To get started, build a business plan. If you have no idea what I’m talking about, I suggest checking out Finding Your Indie and checking out How to Build a Kick Butt Business Plan. Mine is a little different because I adapted it to suit my needs but this is a good starting point. You can always make changes along the way like I did to make it fit your needs.
Also, go find a support system. I’m a member of RWA and joined my local chapter. We meet monthly, we have a Facebook group and an email loupe to chat on, and we do critiques of one another’s work and get together for write-ins. Having a support system is a must, even if its just a virtual group online, and getting to ask other authors questions about their journey is really helpful as well.
Some highlights to consider are…
- Publishing Timeline/Calendar: How many books are you planning to release per year? How long does it take you to write and edit your books and what kind of publishing schedule do you want? Would you like one book per year, two, three, more?
- Budget: You need a budget so there aren’t any surprises. Publishing can be expensive. Here is a pretty close breakdown of expenses for Cursed by Fire, which is just over 50k in length.
- Cover Design: $495
- Editing $600
- Formatting $150
- PR & Marketing (Blog tours, media outreaches, Ads) $2000
- Netgalley $75
Grand Total: $3,320 upfront. I paid more later on for some Ads and marketing whatnot as well. Also, this does not include audio anything, which is something we’re looking into now..cha ching..that’s more money going out with upfront costs.
I’ve trimmed back my expenses a bit as I’ve grown more knowledgeable and determined what services work and what ones don’t for me, but I’d say a good average for me is $2k per book in expenses and I do a lot of my own Marketing now and just started doing my own formatting. Now I earn this back, so the upfront costs are a justified expense but its something you have to consider. All of this gets paid upfront. Once you start making money and selling books, you’ll need to reinvest some of those earnings to keep your books alive and in reader’s line of sight.
- Branding: Like any business, you need a brand. When someone says your name, or pen name, there are certain expectations. It doesn’t need to be anything crazy but here’s an example, when someone mentions Ford, what do you think of? I think “built Ford tough.” They’re known for touch and rugged vehicles. When someone says Danielle Annett, I’m assuming they’re thinking about books that feature “kick ass heroines, with heart.” That is my brand. You need to discover your own brand and start fulfilling that expectation and remain consistent. You won’t find a damsel in distress story in my collection because I write fierce heroines and my readers expect that from me.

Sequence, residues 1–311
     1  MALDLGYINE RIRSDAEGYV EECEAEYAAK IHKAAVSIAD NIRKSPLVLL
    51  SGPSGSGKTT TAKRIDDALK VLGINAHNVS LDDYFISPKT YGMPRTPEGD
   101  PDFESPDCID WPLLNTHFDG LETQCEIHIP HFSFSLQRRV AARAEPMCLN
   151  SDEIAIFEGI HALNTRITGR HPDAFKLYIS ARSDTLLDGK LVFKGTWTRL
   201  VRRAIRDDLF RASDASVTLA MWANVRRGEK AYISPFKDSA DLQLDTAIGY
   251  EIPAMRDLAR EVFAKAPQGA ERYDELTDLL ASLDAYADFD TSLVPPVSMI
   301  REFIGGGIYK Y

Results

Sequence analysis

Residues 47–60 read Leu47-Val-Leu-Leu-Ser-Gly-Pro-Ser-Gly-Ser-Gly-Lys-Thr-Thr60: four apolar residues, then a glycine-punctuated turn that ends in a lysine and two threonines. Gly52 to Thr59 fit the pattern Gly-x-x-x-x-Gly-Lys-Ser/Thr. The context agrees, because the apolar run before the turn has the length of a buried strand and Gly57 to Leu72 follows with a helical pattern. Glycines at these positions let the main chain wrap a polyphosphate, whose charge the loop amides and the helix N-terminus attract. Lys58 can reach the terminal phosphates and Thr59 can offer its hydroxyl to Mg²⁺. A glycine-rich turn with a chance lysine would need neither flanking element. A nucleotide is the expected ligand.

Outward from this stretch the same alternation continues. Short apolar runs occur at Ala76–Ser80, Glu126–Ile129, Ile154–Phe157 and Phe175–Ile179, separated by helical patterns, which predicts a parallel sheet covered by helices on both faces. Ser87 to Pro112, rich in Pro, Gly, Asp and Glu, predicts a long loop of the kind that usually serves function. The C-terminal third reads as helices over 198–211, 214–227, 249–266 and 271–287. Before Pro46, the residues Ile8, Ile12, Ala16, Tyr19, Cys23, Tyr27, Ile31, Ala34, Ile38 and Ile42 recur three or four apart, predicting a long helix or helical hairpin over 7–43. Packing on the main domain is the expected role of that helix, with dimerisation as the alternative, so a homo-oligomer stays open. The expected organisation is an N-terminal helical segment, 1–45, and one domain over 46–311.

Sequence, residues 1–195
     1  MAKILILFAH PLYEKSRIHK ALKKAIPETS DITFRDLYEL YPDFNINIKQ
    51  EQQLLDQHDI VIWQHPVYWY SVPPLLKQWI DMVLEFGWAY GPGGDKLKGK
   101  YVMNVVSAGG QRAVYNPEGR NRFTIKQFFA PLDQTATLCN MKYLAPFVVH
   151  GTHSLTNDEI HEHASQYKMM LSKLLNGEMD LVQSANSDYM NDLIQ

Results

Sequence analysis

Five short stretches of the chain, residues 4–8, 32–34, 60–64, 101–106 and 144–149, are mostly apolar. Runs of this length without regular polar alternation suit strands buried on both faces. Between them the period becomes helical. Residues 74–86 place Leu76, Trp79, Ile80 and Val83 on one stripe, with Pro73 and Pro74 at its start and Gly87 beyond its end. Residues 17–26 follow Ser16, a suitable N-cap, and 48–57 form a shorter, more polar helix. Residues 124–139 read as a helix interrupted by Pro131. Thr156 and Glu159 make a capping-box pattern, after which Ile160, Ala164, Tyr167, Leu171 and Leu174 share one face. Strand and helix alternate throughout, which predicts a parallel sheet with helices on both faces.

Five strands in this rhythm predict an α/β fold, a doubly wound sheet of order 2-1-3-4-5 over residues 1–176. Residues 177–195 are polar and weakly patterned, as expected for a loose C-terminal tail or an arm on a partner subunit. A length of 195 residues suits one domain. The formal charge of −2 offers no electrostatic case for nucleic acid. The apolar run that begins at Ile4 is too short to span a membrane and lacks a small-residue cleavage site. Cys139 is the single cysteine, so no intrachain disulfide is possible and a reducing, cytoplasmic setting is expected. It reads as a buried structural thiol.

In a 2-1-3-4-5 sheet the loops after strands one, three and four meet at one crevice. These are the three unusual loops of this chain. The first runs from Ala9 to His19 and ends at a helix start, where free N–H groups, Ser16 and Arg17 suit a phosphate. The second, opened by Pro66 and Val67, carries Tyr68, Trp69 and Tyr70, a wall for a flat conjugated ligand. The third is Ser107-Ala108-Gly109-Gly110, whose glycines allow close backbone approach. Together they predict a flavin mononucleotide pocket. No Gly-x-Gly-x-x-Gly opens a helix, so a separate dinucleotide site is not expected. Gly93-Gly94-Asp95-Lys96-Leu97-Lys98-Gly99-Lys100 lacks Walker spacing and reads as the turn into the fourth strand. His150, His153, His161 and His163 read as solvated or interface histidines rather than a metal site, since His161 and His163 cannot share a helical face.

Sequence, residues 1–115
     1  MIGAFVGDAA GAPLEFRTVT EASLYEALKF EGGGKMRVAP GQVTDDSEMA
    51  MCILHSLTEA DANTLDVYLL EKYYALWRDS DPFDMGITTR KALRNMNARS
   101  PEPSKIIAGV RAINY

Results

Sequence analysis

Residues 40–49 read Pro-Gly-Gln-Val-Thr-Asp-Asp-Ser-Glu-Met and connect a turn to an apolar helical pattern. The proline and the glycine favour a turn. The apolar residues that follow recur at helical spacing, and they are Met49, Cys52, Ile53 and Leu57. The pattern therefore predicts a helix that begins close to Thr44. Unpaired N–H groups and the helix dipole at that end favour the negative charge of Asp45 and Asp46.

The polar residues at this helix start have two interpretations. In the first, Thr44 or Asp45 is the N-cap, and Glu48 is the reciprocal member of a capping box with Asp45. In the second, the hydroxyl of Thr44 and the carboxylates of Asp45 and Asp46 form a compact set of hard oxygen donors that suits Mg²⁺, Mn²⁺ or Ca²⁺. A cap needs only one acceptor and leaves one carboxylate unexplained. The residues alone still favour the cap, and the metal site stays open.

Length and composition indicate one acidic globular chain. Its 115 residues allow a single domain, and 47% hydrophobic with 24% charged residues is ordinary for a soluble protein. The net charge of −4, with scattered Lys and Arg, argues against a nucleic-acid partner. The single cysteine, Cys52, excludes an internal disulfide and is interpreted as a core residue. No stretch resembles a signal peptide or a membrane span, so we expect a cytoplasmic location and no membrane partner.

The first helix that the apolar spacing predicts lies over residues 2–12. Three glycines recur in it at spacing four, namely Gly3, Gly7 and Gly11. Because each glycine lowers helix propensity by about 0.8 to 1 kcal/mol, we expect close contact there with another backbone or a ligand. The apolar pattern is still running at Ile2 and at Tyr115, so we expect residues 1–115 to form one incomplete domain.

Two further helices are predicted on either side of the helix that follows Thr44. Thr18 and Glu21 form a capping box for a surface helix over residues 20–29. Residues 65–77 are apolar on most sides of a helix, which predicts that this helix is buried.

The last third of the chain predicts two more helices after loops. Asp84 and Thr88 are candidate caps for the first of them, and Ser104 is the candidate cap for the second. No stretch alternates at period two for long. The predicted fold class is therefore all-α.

- Taxes: This is huge. Do not wait until the last minute to figure this out. I suggest getting an accountant that is familiar with authors and start researching whether it is in your best interest to be a SP, and LLC, or a S-Corp. All have their benefits and downsides so do your research, it’s important, and be meticulous in your expense records.
Okay, this post is getting way too long. These are the basics. If you want me to delve into this deeper, I can. Leave me a comment and let me know what you’d like more information on. I’m by no means an expert but I have figured a few things out along my three book publishing journey and during my time working for a publisher and as a freelancer.
My last bit of wisdom for you is, You Can Do It. Self-publishing can seem scary. There are a ton of steps and we didn’t even cover distribution, which by the way, I recommend just listing your books yourself. It will take you a couple of hours max and you get to keep all your money. I do not see the value in using a company like Draft 2 Digital or Smashwords, but that’s just me. If self-publishing is the right course for you, the stay the course, don’t doubt yourself, and take yourself, your work, and your business seriously. Your name and your books are your business. Treat them as such!
Okay, I’m done. Catch you all later!